Ashley Bloomfield confirms 13 new cases of Covid-19 in the community, 1 an isolation facility worker

There are 13 new Covid cases in the community, director general of health Ashley Bloomfield says.

Twelve are linked to the current cluster and one remains under investigation but is believed to be linked.

Ninety-eight people linked to the cluster have been moved into quarantine facility.

There are six people receiving hospital-level care. Two are in Auckland City Hospital on a ward, and four people are in Middlemore.

The total number of active cases in New Zealand is 90, of which 69 are from the recent cluster, one more in the community, and 20 are imported cases in managed isolation and quarantine facilities.

The travel history of the current cluster included the Pak n Save in Apirana Ave in Auckland, on July 31 at 10.09am and again on August 8.

Bloomfield said people were in those locations should be aware of symptoms.

Isolation hotel worker tests positive

Bloomfield said genome sequencing has shown a positive case unconnected to the current cluster. The new case is a man who worked at the Rydges Hotel managed isolation facility.

That could indicate a new chain of transmission, and officials are now rushing to ring-fence the case through tracing and isolating close contacts.

Bloomfield said there were 1880 close contacts of the cluster, 1691 of whom have been contacted and are self-isolating.

He repeated that casual contacts were at very low risk of infection.

The surface testing from Americold was still to be completed, but Bloomfield said people being infected from those surfaces was essentially now ruled out.

The Rydges worker did not have any routine contact with guests, and no other cases have been linked to him so far.

He returned a positive test on August 16 after first having symptoms on August 11. He was transferred to Jet Park Hotel quarantine facility on August 17.

His genomic sequencing results, which came back this morning, match those of a Kiwi who flew in from the USA and was also at the Rydges Hotel from July 28 to July 31, before being moved to the Jet Park Hotel after a positive test.

"At this stage there is no obvious person-to-person connection between the worker and the returnee from the USA but investigations continue," the ministry said.

Initial reviews of CCTV footage and swipe card movements so far show no interaction between them, including no entry to physical locations visited by both of them.

The room the USA returnee was in has been hospital-grade cleaned. It has not been unoccupied since the returnee was there and it remains empty.

"Contact tracing and testing has not connected any further cases to the maintenance worker, and to date this remains a single case," the ministry said.

Six close contacts he worked with at the Rydges Hotel have been identified and are in self-isolation. They have all returned negative results from surveillance testing last week, but all staff and returnees at the Rydges are being retested again as a precaution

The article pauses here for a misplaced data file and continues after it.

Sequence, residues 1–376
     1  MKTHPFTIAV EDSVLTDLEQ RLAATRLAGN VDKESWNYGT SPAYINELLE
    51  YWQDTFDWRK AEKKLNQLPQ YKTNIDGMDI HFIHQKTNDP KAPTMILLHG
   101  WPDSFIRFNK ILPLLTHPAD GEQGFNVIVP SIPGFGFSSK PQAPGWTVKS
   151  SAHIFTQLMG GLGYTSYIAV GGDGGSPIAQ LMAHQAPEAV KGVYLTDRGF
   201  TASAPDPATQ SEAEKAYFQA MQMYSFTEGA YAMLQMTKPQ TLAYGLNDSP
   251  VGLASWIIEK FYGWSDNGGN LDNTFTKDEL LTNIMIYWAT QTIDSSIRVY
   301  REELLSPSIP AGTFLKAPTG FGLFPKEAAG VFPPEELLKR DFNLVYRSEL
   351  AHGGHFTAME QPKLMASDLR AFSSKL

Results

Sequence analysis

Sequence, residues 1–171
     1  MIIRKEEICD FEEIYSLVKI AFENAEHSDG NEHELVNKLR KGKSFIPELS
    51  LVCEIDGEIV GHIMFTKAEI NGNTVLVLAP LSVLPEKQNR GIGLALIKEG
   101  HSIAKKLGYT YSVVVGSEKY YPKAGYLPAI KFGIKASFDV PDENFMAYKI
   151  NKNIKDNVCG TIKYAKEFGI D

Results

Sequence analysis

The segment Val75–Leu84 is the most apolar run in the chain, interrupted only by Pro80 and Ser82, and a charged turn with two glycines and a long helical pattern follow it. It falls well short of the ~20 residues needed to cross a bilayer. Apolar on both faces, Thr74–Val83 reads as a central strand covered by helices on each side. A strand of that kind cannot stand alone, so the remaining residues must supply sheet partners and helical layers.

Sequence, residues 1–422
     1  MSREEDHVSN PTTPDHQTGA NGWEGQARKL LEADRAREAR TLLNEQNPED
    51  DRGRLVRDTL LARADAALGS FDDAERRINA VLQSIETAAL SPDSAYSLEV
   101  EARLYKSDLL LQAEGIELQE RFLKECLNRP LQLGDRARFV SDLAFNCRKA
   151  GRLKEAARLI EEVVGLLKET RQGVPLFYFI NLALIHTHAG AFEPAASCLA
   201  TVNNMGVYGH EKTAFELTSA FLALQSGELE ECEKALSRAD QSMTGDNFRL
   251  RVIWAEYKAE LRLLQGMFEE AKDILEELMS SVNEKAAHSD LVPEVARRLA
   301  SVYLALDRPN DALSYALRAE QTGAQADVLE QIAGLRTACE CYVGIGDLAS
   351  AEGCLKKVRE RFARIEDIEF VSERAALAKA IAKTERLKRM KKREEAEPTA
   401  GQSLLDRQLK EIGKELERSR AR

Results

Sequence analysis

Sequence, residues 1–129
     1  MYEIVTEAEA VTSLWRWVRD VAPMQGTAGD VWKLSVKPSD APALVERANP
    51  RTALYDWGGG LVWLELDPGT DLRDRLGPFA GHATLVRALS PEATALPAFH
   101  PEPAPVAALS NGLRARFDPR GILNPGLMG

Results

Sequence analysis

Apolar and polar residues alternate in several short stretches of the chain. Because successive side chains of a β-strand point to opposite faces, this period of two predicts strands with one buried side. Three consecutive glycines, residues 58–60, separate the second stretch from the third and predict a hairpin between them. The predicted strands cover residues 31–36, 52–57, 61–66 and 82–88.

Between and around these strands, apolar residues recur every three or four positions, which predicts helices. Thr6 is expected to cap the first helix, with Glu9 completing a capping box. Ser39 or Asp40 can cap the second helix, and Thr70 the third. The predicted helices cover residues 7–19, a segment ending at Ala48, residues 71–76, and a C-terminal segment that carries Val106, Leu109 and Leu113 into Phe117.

Three household close contacts of the man are all in self-isolation and have been tested.

The man attended two of the Emmanuel Cook Islands Good News Fellowship church services on the morning and evening of August 9.

Health officials have contact-traced all attendees as close contacts, and they are in self-isolation.

The venue of the service is a school hall and deep cleaning of the facility is currently underway.

Health officials are currently assessing if environmental testing at the Rydges would provide any further insight.

Yesterday the cluster grew by nine cases, while over 26,000 test results had been returned in the previous 24 hours.

The cluster size grew to 58 cases - with five people in hospital - while almost 100,000 tests have been conducted since the first cases came to light last week.

Hipkins told the Herald yesterday that the outbreak appeared to have been detected before it had a chance to explode - not only in Auckland, but all over the country.

But that was before the news emerged of a positive case unconnected to the cluster.

The current alert settings - level 3 in Auckland and level 2 in the rest of the country - are in place until 11.59pm on August 26, but Cabinet will review the settings on Friday.

For more information visit covid19.govt.nz.

Rules for Alert Levels:

Alert Level 4 — Lockdown

Likely that the disease is not contained and community transmission is occurring.

• Range of measures that can be applied locally or nationally

• People instructed to stay at home in their bubble other than for essential personal movement.

• Safe recreational activity is allowed in the local area.

• Travel is severely limited.

• All gatherings cancelled and all public venues closed.

• Businesses closed except for essential services, such as supermarkets, pharmacies, clinics, petrol stations and lifeline utilities.

• Educational facilities closed.